FRANKFORT, Ky. — Simply walking into Shelby County Area Technology Center (SCATC) will dispel any notion that advanced high school learning centers are like the shop classes of generations past. While traditional technical skills are still being taught at SCATC, the modern classrooms and new equipment show just how far technical education has come since the school was built in 1968.
The Shelby County Area Technology Center’s new state-of-the-art equipment can be attributed to a $3,233,049 Work Ready Skills Initiative (WRSI) grant. The Work Ready Skills Initiative was funded by the Kentucky General Assembly and is administered by the Education and Workforce Development Cabinet under the leadership of Secretary Derrick K. Ramsey. Approximately $1.1 million of the WRSI funding has been utilized for equipment such as robots, mills, lathes and welders at SCATC.
“We are excited to partner with local stakeholders in the Shelby County community to offer Work Ready Skills Initiative funding to help modernize the Shelby County Area Technology Center,” said Kentucky Education and Workforce Development Cabinet Secretary Derrick K. Ramsey. “Our investment into this community will help ensure Kentucky students are equipped with employable skills that allow them to thrive in the workplace as well as meet the skill demands of advanced manufacturing, logistics, health care, information technology, and construction career sectors.”
SCATC’s building and renovation was dedicated earlier this year, and the equipment is currently being used to train students. The center nearly doubled in size with an additional 30,000 square feet featuring three new labs, a lobby and a presentation room along with new lighting, paint and furnishings.
“The response from the students has been fantastic,” said Steve Coleman, director of College and Career Education at Shelby County Public Schools (SCPS). “Through the monies that we received through the Work Ready Skills Initiative, we were able to upgrade and bring in a whole lot of new equipment that the students are really excited about. The equipment is not just new and shiny. It’s upgraded to the point that it is more modern and models more of what they will see in an industrial setting.”
Shelby County’s WRSI investment is part of a larger project called the IGNITE Initiative that includes the Jefferson Community and Technical College-Shelby County Campus, Shelby County Industrial Foundation and local industry and government partners to provide a world-class training facility for advanced manufacturing for companies along the I-64 corridor. The remaining balance of the WRSI grant will be used for renovation and equipment for the next phase of the IGNITE Initiative.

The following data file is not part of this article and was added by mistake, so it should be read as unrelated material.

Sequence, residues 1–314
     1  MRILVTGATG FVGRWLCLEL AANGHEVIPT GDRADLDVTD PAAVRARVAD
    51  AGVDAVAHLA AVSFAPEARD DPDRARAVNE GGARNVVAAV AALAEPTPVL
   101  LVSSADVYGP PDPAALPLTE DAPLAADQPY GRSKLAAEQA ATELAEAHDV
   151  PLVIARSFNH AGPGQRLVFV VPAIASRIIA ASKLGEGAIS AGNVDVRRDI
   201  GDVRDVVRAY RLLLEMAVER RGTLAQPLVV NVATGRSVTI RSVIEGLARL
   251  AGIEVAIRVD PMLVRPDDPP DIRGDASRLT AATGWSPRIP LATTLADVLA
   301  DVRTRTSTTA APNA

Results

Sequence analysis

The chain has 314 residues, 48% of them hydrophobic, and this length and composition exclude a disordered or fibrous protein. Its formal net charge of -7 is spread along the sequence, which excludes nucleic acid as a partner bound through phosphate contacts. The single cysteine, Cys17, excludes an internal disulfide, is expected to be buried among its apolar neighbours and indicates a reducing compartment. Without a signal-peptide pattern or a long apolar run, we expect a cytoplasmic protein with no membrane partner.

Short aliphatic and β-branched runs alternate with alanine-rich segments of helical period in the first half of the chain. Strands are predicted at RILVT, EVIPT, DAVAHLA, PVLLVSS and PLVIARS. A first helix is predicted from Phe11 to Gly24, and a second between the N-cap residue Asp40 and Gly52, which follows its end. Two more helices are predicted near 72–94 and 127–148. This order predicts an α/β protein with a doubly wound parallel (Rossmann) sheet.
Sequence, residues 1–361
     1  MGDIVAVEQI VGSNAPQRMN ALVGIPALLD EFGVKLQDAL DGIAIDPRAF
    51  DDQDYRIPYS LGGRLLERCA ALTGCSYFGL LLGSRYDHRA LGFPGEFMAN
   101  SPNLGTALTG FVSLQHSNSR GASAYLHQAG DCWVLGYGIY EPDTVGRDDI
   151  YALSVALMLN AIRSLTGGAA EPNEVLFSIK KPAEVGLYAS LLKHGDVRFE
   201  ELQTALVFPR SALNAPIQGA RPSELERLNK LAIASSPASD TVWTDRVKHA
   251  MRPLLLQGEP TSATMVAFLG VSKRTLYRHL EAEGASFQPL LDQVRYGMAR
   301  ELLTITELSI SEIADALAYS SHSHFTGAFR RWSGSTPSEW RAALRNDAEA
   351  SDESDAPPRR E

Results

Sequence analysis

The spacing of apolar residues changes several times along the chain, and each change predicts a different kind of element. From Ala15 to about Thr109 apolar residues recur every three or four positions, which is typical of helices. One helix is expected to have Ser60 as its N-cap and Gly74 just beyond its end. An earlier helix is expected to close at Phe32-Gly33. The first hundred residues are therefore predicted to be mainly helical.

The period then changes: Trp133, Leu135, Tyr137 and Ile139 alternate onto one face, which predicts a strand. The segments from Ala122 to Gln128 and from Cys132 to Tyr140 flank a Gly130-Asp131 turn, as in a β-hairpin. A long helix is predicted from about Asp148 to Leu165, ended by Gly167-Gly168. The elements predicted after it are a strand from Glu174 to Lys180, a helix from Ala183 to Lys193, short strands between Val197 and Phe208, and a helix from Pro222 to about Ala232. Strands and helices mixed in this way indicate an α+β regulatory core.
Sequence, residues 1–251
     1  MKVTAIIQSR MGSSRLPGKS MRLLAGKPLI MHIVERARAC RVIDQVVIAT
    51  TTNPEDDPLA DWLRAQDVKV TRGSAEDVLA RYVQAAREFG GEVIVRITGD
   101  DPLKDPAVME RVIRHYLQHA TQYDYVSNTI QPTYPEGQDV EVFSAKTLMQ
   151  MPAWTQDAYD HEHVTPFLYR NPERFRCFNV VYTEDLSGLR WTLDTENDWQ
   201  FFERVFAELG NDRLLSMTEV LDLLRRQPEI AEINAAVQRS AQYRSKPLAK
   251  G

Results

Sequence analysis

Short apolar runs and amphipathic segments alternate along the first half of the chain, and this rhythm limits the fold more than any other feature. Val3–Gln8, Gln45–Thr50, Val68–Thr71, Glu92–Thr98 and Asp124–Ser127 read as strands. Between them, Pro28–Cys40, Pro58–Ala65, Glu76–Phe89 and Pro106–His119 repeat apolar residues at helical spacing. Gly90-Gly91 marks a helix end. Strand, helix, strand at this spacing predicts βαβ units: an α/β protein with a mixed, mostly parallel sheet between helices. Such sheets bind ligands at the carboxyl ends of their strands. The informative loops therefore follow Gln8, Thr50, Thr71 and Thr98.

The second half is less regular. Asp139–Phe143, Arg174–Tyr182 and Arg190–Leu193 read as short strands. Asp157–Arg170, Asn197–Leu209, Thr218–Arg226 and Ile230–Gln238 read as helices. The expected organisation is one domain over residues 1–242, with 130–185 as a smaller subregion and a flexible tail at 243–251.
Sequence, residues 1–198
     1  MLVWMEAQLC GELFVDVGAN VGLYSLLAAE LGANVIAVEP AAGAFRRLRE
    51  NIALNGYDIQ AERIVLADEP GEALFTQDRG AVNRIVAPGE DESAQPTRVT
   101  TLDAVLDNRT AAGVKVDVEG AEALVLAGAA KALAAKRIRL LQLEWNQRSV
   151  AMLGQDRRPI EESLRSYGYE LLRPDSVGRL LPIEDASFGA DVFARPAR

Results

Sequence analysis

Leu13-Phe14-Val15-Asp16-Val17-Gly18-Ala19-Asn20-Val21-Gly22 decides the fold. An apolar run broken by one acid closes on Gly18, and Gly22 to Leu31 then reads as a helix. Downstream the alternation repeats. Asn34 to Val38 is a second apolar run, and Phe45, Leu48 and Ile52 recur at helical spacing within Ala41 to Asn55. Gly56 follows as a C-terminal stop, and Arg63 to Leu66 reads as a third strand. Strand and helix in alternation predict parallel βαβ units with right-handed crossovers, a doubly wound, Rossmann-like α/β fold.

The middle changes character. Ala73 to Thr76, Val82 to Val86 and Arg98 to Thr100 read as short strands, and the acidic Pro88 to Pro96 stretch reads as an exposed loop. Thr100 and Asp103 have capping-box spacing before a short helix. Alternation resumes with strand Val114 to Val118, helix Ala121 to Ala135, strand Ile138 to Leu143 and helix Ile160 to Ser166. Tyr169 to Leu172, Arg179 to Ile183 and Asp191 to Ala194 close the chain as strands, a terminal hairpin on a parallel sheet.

“We let our community business and industry leaders in the manufacturing world design the facility and inspect the equipment so when you come into our labs you see exactly the same thing as when you visit our factories, so there’s very little transition for our students when they go into the workplace,” said James Neihof, Ph.D., superintendent for SCPS.
SCATC serves approximately 550 students from Shelby County High School, Collins High School, Eminence Independent Schools and Spencer County High School, and now has the capacity to teach 750 students as well as offer adult night classes. The expansion has allowed SCATC to add diesel technology and welding to the list of original training programs that includes automotive, industrial maintenance, diesel technology, health services, business technology and information technology.
SCATC junior Micayala Heightchew is taking industrial maintenance classes and said she is open to a career in the field. She said she enjoys electric wiring, being creative and programming robots. “I took this class because I thought it would be a cool and unique experience. I just thought it would be fun so I tried it and I liked it. It’s something that I gravitate to and it’s really easy for me to understand.”
Heightchew said receiving the WRSI grant gave students at the ATC an advantage. “I feel it makes us stand out that we have this training and can get certified for different things. Without this new building we would not have the new trainers and our new equipment and have a better education and a better understanding of it.”
John Leeper, deputy superintendent for SCPS, said, “We had a strong commitment to the facility already before the Work Ready Skills Initiative was started, but the grant allowed us to take it to another level. It allowed us to get the equipment that we needed that would attract the attention of young people, that would attract the attention of the community and really open up many doors for not only the potential employees, but also give the employers a chance to send their employees to be trained.”
SCATC is one of 40 WRSI projects in the state that the cabinet is investing $100 million in to help train students and adults for in-demand, high-paying technology jobs. The WRSI projects include construction and renovation of facilities and the purchase of new equipment aimed at providing workforce training and education in Kentucky’s top five growth sectors of advanced manufacturing, transportation and logistics, business services and information technology, healthcare, and construction trades.
The initiative infuses resources to expand career and technical education facilities and upgrade equipment in schools through local partnerships between businesses and educational institutions. The 40 projects selected are locally driven and tailored to meet the workforce and industry needs of their communities. Each project requires a minimum 10 percent match by local partners.
For more information about the Work Ready Skills Initiative, visit the Kentucky Education and Workforce Development Cabinet webpage.